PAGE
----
People can start to show the symptoms of Huntington's disease at almost any age but most will develop problems between the ages of 35 and 55 years.
Generally, the disease progresses and worsens for around 10 to 20 years until the person eventually dies. Symptoms vary between people; there is no typical pattern.
Early symptoms such as personality changes, mood swings and bizarre behaviour are often overlooked at first and attributed to something else.
Some people with Huntington's may seem to refuse to accept their illness or the seriousness of it.
Behavioural changes are often the first symptoms to appear in Huntington's disease and can be the most distressing. These symptoms often include:
- a lack of emotions and not recognising the needs of others in the family,
- alternating periods of aggression, excitement, depression, apathy, antisocial behaviour and anger,
- difficulty concentrating on more than one task, which causes irritability,
- short-term memory lapses, and
- problems with orientation.
A person with Huntington's may display a lack of drive, initiative and concentration that may make them appear lazy. This is not the case; it is just the way the disease affects their personality. Also, someone with Huntington's may develop a lack of interest in hygiene and self-care.
Read the Huntington Disease Association (HDA) factsheet for more information on Behavioural Problems (links to external site).
Apart from depression, there is no psychiatric disorder specifically associated with Huntington's, although a few people may develop problems such as obsessive compulsive disorder (OCD), mania and schizophrenia.
Huntington's disease affects movement and early symptoms include slight, uncontrollable movements of the face and jerking, flicking or fidgety movements of the limbs and body. These move from one area of the body to another and can cause the person to lurch and stumble.
As the disease progresses, the uncontrollable movements are more frequent and extreme. This may alter over time so that movements become slow and muscles more rigid.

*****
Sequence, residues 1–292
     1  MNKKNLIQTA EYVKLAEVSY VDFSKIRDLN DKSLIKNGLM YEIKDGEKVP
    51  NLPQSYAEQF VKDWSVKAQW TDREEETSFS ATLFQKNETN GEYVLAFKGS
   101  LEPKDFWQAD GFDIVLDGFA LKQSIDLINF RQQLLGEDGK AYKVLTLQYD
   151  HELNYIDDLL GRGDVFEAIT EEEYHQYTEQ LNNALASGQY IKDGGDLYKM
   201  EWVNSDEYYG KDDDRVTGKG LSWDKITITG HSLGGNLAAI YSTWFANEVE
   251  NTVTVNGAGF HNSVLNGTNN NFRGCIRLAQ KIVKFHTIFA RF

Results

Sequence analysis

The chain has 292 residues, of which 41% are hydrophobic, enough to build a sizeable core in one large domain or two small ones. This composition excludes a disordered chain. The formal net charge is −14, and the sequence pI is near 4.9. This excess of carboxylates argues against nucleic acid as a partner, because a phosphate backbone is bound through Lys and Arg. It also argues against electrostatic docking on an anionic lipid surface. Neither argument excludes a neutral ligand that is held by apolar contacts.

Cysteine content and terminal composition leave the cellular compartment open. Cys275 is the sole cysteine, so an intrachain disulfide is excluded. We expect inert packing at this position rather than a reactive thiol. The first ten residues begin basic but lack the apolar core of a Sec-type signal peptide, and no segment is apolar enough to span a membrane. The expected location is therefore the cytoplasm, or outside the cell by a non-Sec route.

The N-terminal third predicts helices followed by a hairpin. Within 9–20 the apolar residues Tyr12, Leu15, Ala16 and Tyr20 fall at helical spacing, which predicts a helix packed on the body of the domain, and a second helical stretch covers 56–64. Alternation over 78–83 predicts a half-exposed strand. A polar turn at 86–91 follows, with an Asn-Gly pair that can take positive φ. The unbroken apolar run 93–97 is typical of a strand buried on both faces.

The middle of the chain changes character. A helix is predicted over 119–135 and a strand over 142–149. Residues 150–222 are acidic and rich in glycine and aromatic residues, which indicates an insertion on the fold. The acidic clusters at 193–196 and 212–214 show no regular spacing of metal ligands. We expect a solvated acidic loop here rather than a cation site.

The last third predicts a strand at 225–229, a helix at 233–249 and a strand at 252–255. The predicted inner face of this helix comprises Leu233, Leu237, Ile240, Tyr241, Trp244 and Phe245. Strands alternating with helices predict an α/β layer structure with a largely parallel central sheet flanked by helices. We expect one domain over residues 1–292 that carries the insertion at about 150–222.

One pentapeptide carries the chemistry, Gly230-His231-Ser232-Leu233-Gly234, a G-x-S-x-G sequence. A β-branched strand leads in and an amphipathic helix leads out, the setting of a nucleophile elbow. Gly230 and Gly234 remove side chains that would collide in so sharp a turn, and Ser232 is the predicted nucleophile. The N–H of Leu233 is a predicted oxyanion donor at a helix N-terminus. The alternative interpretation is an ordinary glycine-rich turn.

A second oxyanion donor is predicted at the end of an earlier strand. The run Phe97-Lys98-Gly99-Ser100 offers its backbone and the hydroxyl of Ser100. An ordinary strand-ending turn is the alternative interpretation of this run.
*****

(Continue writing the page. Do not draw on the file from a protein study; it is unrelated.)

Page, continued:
People with Huntington's disease tend to lose weight despite having a good appetite. They can find eating tiring, frustrating and messy because the muscles in the mouth and the diaphragm muscles do not work properly, due to the loss of control.
Loss of coordination can lead to spilling or dropping food. Swallowing is a problem, so choking on food and drink, particularly thin drinks like water, can be a common problem. You may be referred to a dietitian or a speech and language therapist if swallowing is difficult. In some cases, a feeding tube can be inserted (see the Living with Huntington's disease section, above).
For more information, read the HDA factsheet on Eating and Swallowing Difficulties (links to external site).
Communication and cognition (perception, awareness, thinking and judgement) are affected by Huntington's disease.
People with Huntington's often have difficulty putting thoughts into words and slur their speech. They can understand what is being said but may not be able to communicate that they understand or respond. Impaired breathing can make speech difficult.
People with Huntington's disease can experience problems with sexual relationships, such as loss of interest or making inappropriate sexual demands. For more information, read the HDA factsheet on Sexual Problems (links to external site).